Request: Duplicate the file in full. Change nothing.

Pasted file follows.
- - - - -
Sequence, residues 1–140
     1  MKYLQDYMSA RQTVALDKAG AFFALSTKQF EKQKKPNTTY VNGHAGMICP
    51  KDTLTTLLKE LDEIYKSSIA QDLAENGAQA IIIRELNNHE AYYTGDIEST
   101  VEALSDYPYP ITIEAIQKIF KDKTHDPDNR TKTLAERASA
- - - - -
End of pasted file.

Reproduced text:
Sequence, residues 1–140
     1  MKYLQDYMSA RQTVALDKAG AFFALSTKQF EKQKKPNTTY VNGHAGMICP
    51  KDTLTTLLKE LDEIYKSSIA QDLAENGAQA IIIRELNNHE AYYTGDIEST
   101  VEALSDYPYP ITIEAIQKIF KDKTHDPDNR TKTLAERASA